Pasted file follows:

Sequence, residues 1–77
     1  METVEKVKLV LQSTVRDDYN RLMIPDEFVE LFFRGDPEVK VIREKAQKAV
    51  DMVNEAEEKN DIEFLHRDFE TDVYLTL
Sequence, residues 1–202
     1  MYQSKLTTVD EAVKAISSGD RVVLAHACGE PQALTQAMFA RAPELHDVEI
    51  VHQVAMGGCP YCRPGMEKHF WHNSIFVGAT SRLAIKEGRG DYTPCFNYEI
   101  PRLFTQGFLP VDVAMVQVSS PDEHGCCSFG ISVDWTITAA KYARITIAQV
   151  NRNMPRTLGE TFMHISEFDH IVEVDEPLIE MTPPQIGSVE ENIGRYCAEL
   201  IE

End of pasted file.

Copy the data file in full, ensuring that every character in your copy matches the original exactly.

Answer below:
Sequence, residues 1–77
     1  METVEKVKLV LQSTVRDDYN RLMIPDEFVE LFFRGDPEVK VIREKAQKAV
    51  DMVNEAEEKN DIEFLHRDFE TDVYLTL
Sequence, residues 1–202
     1  MYQSKLTTVD EAVKAISSGD RVVLAHACGE PQALTQAMFA RAPELHDVEI
    51  VHQVAMGGCP YCRPGMEKHF WHNSIFVGAT SRLAIKEGRG DYTPCFNYEI
   101  PRLFTQGFLP VDVAMVQVSS PDEHGCCSFG ISVDWTITAA KYARITIAQV
   151  NRNMPRTLGE TFMHISEFDH IVEVDEPLIE MTPPQIGSVE ENIGRYCAEL
   201  IE